University of Wisconsin earned the First Place Platinum award alongside Ohio State University and Cornell University this past weekend at a North American Intercollegiate Dairy Challenge.

A team of four students from UW traveled to California for the competition, which challenged each team to analyze the dairy operations of a farm. The teams walked through the dairy, asked questions of the owners, observed records and then presented their observations and recommendations to a team of professionals.

According to David Combs, a professor in the College of Agricultural and Life Sciences and coach for the team of students, UW has taken first place four out of the nine years the challenge has been held.

“It felt great. It’s a good testament to the quality of students we have in our program,” Combs said. “It also says a lot of the quality of our curriculum.”

Combs added the four students in the team had to apply and be interviewed with a dairy extension agent to be chosen to represent UW in the challenge. Students’ backgrounds with a class in dairy management also prepared the team for the competition.

UW senior Lydia Hardie, one of the students who participated in the challenge, said in an e-mail the competition is very similar to the class they are enrolled in, where students analyze a dairy in Madison and offer suggestions to the producer.

Although they faced tough competition, with over 30 universities from across the U.S. and Canada attending, Combs said there were high expectations.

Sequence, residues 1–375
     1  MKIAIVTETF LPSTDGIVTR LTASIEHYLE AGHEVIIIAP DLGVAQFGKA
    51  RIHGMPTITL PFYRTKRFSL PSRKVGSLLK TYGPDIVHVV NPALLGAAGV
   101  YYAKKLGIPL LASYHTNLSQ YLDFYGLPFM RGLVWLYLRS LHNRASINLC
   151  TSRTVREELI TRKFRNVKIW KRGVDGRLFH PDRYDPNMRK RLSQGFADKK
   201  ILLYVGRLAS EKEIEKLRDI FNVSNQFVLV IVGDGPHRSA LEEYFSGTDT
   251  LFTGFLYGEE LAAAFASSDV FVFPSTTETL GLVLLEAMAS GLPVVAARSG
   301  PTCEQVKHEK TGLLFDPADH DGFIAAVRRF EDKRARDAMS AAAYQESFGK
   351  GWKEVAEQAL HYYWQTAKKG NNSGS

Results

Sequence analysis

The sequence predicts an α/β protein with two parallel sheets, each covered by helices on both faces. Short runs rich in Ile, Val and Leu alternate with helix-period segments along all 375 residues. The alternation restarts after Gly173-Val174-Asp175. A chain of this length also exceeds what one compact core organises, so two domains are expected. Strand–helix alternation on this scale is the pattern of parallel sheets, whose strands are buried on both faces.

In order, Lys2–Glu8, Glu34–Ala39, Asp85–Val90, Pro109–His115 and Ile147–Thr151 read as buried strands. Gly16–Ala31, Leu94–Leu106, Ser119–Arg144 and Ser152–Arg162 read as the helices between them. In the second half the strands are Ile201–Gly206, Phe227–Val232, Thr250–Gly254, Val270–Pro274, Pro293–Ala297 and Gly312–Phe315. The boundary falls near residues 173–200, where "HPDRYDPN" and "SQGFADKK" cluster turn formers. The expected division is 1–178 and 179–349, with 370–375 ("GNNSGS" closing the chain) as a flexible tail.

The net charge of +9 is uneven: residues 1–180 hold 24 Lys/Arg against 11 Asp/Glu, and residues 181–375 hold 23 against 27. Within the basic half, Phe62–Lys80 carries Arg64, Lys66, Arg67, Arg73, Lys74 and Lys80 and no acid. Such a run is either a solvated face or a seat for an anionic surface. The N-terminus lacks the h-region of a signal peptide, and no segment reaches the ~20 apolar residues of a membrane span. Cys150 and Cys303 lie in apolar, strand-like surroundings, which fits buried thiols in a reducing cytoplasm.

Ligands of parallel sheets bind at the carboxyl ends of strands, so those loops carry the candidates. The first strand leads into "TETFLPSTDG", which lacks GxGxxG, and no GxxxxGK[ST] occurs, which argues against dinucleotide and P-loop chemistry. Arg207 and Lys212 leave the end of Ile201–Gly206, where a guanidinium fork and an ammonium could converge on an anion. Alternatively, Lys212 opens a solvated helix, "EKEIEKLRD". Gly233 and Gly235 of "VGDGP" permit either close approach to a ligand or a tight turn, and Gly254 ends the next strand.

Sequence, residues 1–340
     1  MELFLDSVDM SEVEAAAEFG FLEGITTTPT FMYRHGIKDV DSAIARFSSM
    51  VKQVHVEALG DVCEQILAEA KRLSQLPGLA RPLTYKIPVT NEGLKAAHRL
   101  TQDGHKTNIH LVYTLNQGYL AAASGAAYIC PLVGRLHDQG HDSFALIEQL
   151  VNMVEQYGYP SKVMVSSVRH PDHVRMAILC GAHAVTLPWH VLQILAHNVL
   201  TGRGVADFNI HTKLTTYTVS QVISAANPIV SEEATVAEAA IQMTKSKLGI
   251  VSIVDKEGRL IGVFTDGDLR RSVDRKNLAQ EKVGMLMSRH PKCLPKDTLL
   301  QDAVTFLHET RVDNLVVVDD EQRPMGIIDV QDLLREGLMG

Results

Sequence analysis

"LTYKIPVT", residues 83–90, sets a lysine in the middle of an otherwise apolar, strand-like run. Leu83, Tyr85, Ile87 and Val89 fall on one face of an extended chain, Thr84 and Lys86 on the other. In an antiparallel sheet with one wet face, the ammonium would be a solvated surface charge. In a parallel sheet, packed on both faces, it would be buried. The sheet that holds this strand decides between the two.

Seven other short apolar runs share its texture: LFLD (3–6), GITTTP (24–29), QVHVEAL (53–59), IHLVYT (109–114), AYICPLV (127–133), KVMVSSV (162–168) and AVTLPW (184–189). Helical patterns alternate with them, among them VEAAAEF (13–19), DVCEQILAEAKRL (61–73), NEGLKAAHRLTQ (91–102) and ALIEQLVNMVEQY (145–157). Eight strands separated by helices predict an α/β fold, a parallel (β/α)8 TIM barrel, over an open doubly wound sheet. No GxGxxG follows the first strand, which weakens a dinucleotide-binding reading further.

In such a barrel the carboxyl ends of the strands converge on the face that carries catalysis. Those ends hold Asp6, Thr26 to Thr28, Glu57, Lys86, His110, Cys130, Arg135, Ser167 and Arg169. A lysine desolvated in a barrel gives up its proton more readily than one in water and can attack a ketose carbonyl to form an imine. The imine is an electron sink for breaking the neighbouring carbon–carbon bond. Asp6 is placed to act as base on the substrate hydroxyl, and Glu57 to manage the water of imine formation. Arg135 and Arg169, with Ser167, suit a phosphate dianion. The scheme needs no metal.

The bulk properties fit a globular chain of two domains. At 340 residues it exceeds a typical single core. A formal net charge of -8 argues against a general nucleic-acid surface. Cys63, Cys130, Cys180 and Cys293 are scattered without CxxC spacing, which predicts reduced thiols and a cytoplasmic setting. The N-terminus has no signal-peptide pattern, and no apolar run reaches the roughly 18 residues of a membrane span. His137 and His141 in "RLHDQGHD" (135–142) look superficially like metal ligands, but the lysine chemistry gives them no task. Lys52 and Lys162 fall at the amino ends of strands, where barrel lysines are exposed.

“It’s a stiff competition with expectations being high,” Combs said. “We felt like we had a good group of students, but it’s not a cake walk really. It’s a contest that tests skills.”

Hardie also said the team’s knowledge and experience in dairies helped in the competition.

“We had our uneasiness, but knew that the university has a great dairy science program and that we all had a farm background to help us out,” Hardie said. “I was excited that we were able to contribute to the university’s record of strong performances.”

The two-day contest hosted by California State University-Fresno and Cal Poly requires students have expertise in dairy nutrition, feeding cattle, dairy reproduction, milk procedures and milk quality. The challenge also tests farm financial management.

Combs added the competition tests students through the final presentation to a panel of experts, including veterinarians, consultants and bankers. In the competition, students also learn through experience how different types of operations work in California.

“I think our students get exposed to different types of dairies,” Combs said. “For me as a coach, it’s pretty gratifying just seeing students do well.”

The goal of the Dairy Challenge is to facilitate education and communication across the nation among students, dairy producers, universities and agribusiness. Combs added the challenge is a good experience for students to represent UW and challenge their knowledge.